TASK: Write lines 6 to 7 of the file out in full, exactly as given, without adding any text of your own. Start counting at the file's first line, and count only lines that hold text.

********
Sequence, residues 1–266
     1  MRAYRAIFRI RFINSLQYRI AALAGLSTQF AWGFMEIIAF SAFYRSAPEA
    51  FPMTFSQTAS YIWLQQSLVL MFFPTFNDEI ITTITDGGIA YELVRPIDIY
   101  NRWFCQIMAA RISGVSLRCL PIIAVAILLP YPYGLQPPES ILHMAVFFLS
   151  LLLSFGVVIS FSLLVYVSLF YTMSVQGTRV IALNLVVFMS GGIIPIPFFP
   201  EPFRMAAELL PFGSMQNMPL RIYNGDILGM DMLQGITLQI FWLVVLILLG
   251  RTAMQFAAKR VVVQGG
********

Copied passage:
   201  EPFRMAAELL PFGSMQNMPL RIYNGDILGM DMLQGITLQI FWLVVLILLG
   251  RTAMQFAAKR VVVQGG